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El Cholo 1025 Wilshire Blvd

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Georges Bistro 1321 Third Street

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1433 Wilshire Blvd

(310) 394-1131

J P's Bar & Grill 1101 Wilshire Blvd

(310) 394-7660

Kaido Japense Cuisine 2834 Santa Monica Blvd

(310) 828-7582

Infuzion Cafe 1149 3rd St. #100

(310) 393-9985

Kay 'N Dave's 262 26th St.

(818) 782-6196

Interactive Cafe 215 Broadway

(310) 395-5009

L A Farm Ltd 3000 Olympic Blvd

(310) 449-4007

Ipanema Cafe 150 Santa Monica Place

(310) 838-8586

Lee's Chinese Food 1610 Santa Monica Blvd

(310) 828-5304

Ivy At The Shore 1535 Ocean Ave.

(310) 278-2908

The Lincoln 2460 Wilshire Bl

(310) 828-2217

Jinkys Cafe 1447 2nd St.

Lucys Lunchbox 710 Wilshire Bl #100

(818) 762-6267

Jiraffe Restaurant 504 Santa Monica Blvd

(818) 981-2250 (310) 917-6671

Maya Japanese Food 2840 Santa Monica Blvd

(310) 453-2612

Manhattan Bagel 2216 Wilshire Blvd

(310) 828-3228


Nawab Of India 1621 Wilshire Bl

(310) 829-1106

Every Johnny Rockets restaurant boasts an all-American look and feel with great tasting

Networks Cafe 2700 Colorado Ave. #190

(310) 315-0502

food including juicy hamburgers, classic sandwiches and hand-dipped shakes and malts.

Noma Restaurant 2031 Wilshire Blvd

(310) 453-4848

Come in and see for yourself why Johnny Rockets is the place Where the Good Times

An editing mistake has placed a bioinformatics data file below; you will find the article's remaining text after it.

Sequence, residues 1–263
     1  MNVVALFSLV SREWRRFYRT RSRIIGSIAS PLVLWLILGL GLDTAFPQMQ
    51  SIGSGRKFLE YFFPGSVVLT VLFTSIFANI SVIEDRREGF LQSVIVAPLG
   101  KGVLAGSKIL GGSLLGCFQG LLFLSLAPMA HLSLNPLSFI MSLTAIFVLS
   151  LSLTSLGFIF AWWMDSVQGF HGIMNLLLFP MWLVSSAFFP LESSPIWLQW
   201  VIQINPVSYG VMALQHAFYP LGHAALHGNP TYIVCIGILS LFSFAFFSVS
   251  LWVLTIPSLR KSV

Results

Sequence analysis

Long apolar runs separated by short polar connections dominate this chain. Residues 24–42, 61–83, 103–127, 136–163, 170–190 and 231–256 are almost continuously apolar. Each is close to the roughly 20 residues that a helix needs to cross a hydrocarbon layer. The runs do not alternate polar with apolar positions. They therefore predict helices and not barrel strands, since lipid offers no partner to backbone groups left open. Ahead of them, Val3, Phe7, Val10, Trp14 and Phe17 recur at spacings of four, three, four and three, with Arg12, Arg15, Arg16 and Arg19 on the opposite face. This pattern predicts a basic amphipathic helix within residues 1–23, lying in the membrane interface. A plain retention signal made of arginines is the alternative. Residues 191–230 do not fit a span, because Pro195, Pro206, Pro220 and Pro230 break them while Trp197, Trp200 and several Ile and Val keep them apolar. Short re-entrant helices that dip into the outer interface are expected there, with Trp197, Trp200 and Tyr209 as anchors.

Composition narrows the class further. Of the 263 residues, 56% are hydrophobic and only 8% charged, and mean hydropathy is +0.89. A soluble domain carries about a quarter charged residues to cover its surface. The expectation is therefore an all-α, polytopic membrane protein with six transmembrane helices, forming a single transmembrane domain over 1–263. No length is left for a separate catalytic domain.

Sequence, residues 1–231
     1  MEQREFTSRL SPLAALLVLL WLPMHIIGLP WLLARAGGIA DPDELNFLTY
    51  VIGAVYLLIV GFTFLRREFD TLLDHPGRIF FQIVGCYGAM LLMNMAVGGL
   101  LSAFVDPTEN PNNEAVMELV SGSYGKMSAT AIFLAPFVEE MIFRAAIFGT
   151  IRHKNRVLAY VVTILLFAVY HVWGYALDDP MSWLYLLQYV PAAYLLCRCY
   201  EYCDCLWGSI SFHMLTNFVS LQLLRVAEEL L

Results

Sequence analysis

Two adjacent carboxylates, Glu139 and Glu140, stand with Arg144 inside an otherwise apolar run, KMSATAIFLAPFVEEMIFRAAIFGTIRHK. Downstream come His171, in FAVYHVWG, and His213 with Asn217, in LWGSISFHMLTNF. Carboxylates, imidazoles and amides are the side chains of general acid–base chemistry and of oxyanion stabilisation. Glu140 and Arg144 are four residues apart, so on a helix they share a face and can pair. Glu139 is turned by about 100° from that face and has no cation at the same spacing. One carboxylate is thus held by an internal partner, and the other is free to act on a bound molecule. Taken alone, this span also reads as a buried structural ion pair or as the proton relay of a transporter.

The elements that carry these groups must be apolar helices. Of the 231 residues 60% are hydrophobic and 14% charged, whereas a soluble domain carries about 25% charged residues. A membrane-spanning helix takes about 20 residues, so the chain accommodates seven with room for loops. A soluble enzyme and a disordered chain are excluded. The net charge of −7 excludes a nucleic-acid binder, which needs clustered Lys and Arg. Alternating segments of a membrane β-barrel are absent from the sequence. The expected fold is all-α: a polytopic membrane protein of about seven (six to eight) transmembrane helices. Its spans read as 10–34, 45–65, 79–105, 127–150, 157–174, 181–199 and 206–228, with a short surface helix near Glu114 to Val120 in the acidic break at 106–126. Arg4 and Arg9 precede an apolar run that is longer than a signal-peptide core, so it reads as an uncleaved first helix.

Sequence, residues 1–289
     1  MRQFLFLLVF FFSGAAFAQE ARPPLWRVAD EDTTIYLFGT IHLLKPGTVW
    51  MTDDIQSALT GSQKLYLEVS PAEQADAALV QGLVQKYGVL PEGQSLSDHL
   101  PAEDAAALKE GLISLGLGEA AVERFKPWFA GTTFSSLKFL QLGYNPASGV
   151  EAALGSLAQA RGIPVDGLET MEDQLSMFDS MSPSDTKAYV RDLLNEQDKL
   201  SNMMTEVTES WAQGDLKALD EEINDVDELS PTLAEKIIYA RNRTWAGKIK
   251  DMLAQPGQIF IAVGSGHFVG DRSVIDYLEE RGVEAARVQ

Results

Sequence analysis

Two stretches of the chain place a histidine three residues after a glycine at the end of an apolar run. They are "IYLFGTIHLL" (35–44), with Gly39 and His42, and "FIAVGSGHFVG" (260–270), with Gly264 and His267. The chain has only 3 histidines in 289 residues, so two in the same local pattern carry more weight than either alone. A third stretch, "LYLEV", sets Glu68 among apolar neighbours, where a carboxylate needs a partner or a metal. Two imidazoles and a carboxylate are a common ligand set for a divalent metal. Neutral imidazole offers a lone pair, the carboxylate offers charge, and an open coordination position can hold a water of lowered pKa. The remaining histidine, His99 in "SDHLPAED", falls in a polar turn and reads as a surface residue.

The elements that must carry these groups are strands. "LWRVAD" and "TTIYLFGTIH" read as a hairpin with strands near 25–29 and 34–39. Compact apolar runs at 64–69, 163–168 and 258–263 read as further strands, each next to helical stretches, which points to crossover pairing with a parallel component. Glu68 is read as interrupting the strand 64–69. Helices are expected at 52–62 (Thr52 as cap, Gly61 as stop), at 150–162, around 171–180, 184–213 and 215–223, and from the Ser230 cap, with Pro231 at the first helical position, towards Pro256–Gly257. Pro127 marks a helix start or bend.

Norms Santa Monica 1601 Lincoln Blvd

(310) 395-6310


O' Briens 2226 Wilshire Blvd

(310) 829-5303

1322 Third Street

Our Cafe 2104 Wilshire Bl

(310) 828-5313

Overunder 1333 Santa Monica Blvd

(310) 899-0076

Kaiten Restaurant 1456 Third Street

(310) 451-8080

Pacific Dining Car 2700 Wilshire Blvd

(310) 453-4000

La Botte, Inc. 620 Santa Monica Blvd #A

(310) 576-3072

Pot & Pan Thai Food 2315 Santa Monica Blvd

(818) 439-7083

La Salsa #44 1401 Third Street Promenade

(310) 587-0755

Santa Monica Pizza 1318 Wilshire Blvd

(310) 393-4554

La Serenata 1416 4th St.

(310) 204-5360

The Shack Restaurant 2518 Wilshire Blvd

(310) 449-1171

Le Merigot Hotel 1740 Ocean Ave.

(310) 395-9700

The Slice 915 Wilshire Blvd

(310) 453-2367

Leonidas 331 Santa Monica Blvd

(310) 417-8851

Sizzler 2025 Wilshire Blvd

(310) 453-3250

Light House Buffet 201 Arizona Ave.

(310) 451-2076

Snug Harbor 2323 Wilshire Blvd

(310) 828-2991

The Lobster 1602 Ocean Ave.

(310) 458-9294

Sunshine Cafe & Grill 2021 Santa Monica Blvd

(310) 449-7777

Locanda Del Lago 231 Arizona Ave.

(310) 451-3525

Sushi King 1330 Wilshire Blvd

(310) 395-0120

Loews Santa Monica 1700 Ocean Ave.

(310) 458-6700

Tacos Por Favor 1406 Olympic Blvd

(310) 392-5768

Manchu Wok 11 Santa Monica Pl

(310) 458-3558

Taqueria Chihuahua 1909 Lincoln Bl

(310) 874-2057

Mariasol 401 Santa Monica Pier

(213) 626-5554

Tazzina 1620 Wilshire Blvd

(310) 413-4270

Michaels 1147 3rd St.

(310) 395-7911